Researchers at Carnegie Mellon University have demonstrated that people who play a game with a robot suffer in performance when the robot criticizes them. Trash talking has a long and colorful history of flustering game opponents, and now researchers at Carnegie Mellon University have demonstrated that discouraging words can be perturbing even when uttered by a robot. The trash talk in the study was decidedly mild, with utterances such as "I have to say you are a terrible player," and "Over the course of the game your playing has become confused." Even so, people who played a game with the robot ― a commercially available humanoid robot known as Pepper ― performed worse when the robot discouraged them and better when the robot encouraged them. "This is one of the first studies of human-robot interaction in an environment where they are not cooperating."
Artificial intelligence is the future. Artificial intelligence is science fiction. And it is already part of our everyday lives. All these three statements are true, it all depends on what flavor of AI you are referring to. For instance, when Google DeepMind's AlphaGo program defeated the South Korean Master, Lee Se-dol in the board game "Go" earlier in 2016, the terms AI, machine learning and deep learning were used in the media to describe how DeepMind won.
"Death Stranding" earned the most nominations in the Game Awards, which will be given out Dec. 12 in Los Angeles. The new game from famed designer Hideo Kojima ("Metal Gear Solid") collected nine nominations, including Game of the Year, Best Action/Adventure Game, Best Game Direction, Best Art Direction and Best Score. Actors Norman Reedus and Mads Mikkelsen, who portray Sam Porter Bridges and Cliff, respectively, in the PlayStation 4 game, earned nominations for Best Performance. They were joined by Ashly Burch as Parvati Holcomb in "The Outer Worlds," Courtney Hope as Jesse Faden in "Control," Laura Bailey as Kait Diaz in "Gears 5" and Matthew Porretta as Dr. Casper Darling in "Control." Considered the Oscars of the video game industry, the Game Awards began in 2014, established by longtime video game journalist Geoff Keighley.
In January, artificial intelligence(AI) powerhouse DeepMind announced it had achieved a major milestone in its journey towards building AI systems that resemble human cognition. AlphaStar was a DeepMind agent designed using reinforcement learning that was able to beat two professional players at a game of StarCraft II, one of the most complex real-time strategy games of all time. During the last few months, DeepMind continued evolving AlphaStar to the point that the AI agent is now able to play a full game of StarCraft II at a Grandmaster level outranking 99.8% of human players. The results were recently published in Nature and they show some of the most advanced self-learning techniques used in modern AI systems. DeepMind's milestone is better explained by illustrating the trajectory from the first version of AlphaStar to the current one as well as some of the key challenges of StarCraft II.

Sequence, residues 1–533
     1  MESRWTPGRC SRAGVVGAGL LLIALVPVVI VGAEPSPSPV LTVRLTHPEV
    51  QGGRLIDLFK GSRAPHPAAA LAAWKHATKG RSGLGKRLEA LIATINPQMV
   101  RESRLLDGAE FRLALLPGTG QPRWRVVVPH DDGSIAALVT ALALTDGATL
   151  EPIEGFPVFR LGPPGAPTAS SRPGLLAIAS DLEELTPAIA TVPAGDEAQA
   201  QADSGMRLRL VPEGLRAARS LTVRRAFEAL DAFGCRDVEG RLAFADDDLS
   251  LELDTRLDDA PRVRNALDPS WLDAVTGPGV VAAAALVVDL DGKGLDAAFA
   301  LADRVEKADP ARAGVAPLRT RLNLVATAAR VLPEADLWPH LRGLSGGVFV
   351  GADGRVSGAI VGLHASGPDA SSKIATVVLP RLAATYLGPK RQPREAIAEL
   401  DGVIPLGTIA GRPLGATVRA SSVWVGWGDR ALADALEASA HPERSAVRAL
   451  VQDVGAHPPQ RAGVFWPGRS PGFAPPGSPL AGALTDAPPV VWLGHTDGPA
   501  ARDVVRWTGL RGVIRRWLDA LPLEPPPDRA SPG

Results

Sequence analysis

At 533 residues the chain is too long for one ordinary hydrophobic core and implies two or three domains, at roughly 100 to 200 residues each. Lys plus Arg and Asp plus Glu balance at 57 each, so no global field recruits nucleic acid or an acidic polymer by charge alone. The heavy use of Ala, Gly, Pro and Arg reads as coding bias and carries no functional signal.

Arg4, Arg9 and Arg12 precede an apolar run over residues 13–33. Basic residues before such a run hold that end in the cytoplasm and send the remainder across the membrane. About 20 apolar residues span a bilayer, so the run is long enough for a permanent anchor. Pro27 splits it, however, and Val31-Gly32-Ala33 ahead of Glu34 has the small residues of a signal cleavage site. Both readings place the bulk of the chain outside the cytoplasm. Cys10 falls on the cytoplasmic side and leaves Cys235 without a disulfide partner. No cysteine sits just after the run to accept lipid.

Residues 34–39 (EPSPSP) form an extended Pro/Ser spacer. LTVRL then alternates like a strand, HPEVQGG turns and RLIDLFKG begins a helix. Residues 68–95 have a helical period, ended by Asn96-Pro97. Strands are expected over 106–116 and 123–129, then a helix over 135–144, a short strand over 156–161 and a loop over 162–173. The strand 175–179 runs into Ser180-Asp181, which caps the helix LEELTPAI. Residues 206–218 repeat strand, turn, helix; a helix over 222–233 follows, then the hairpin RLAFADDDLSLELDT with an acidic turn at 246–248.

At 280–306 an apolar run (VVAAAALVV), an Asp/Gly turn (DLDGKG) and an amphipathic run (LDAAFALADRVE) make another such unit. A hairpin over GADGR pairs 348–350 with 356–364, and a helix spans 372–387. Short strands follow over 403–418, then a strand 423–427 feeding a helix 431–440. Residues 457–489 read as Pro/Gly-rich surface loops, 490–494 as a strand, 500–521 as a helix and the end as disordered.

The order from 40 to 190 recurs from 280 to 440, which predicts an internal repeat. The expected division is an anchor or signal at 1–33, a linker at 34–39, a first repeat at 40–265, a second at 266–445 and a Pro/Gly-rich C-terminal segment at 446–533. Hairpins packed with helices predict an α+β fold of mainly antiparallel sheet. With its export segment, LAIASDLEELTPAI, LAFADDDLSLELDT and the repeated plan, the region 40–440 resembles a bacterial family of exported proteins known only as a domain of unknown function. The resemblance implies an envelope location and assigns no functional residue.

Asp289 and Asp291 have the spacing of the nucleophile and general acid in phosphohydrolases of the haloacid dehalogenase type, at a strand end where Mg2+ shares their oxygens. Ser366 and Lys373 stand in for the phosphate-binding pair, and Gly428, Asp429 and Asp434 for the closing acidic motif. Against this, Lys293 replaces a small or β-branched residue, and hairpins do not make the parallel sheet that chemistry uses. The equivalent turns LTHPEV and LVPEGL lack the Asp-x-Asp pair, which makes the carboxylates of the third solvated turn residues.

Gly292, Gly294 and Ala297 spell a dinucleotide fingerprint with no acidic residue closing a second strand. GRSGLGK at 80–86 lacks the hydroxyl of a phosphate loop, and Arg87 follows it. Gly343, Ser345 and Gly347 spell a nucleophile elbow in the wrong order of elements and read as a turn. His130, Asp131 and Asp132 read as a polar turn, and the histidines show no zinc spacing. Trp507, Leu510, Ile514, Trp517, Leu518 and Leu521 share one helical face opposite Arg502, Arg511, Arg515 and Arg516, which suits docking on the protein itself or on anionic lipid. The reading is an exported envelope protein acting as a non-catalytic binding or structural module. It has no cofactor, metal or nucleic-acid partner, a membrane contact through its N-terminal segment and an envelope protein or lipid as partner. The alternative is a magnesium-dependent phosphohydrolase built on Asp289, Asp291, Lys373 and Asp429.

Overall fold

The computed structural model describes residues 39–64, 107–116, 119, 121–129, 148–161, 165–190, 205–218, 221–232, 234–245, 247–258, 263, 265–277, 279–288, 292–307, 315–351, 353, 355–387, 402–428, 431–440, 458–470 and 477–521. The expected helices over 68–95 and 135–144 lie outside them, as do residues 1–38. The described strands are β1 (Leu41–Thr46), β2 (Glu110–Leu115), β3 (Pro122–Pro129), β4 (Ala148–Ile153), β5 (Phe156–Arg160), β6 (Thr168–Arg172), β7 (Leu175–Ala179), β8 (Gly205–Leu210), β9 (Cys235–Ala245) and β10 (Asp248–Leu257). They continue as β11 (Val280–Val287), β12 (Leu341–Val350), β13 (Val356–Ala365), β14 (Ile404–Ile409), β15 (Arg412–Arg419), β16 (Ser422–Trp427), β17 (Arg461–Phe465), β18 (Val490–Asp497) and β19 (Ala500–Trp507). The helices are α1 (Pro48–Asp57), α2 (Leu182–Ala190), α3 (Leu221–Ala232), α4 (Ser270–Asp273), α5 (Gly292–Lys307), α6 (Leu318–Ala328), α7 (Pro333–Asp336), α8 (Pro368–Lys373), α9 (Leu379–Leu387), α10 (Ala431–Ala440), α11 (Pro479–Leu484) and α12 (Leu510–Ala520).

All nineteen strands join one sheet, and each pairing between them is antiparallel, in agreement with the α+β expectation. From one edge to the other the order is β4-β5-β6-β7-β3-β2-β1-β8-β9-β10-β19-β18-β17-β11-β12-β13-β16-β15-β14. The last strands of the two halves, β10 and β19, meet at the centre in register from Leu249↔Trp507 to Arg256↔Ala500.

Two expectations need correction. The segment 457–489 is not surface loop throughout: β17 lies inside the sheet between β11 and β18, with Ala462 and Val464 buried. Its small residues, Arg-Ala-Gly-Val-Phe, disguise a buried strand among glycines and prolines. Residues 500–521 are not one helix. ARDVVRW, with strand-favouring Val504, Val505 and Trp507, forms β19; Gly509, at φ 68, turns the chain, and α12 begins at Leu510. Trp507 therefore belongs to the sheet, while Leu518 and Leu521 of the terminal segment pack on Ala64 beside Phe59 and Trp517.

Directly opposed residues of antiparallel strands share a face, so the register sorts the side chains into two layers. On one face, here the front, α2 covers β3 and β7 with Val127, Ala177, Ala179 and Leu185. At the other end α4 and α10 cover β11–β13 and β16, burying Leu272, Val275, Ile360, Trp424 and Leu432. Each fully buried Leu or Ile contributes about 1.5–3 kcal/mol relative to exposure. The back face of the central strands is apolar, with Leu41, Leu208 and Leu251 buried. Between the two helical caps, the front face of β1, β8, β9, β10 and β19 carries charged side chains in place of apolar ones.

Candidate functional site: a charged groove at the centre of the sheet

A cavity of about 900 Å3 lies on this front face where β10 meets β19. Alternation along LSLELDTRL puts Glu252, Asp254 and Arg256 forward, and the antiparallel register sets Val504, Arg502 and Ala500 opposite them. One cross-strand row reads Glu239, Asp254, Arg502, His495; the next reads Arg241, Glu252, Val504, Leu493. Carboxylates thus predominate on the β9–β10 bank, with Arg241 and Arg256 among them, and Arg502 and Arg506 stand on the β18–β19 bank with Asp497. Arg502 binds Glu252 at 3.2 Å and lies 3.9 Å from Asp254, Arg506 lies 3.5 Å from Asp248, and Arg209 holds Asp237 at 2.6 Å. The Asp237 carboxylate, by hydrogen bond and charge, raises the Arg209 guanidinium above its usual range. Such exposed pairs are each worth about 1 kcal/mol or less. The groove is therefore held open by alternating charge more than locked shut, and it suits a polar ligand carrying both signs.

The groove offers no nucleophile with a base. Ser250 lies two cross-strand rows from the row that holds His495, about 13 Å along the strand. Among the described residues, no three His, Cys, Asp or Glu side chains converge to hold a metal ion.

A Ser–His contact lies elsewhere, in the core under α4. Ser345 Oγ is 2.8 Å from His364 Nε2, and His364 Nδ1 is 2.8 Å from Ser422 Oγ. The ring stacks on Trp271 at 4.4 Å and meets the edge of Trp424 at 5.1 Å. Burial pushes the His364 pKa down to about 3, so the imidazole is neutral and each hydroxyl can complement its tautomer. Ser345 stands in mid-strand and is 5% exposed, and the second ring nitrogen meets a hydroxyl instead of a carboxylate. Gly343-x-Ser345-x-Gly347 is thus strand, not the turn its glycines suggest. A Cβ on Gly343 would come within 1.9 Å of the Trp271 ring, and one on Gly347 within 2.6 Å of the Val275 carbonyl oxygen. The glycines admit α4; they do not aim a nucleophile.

The trash talk in the study was decidedly mild, with utterances such as "I have to say you are a terrible player," and "Over the course of the game your playing has become confused." Even so, people who played a game with the robot -- a commercially available humanoid robot known as Pepper -- performed worse when the robot discouraged them and better when the robot encouraged them. Lead author Aaron M. Roth said some of the 40 study participants were technically sophisticated and fully understood that a machine was the source of their discomfort. "One participant said, 'I don't like what the robot is saying, but that's the way it was programmed so I can't blame it,'" said Roth, who conducted the study while he was a master's student in the CMU Robotics Institute. But the researchers found that, overall, human performance ebbed regardless of technical sophistication.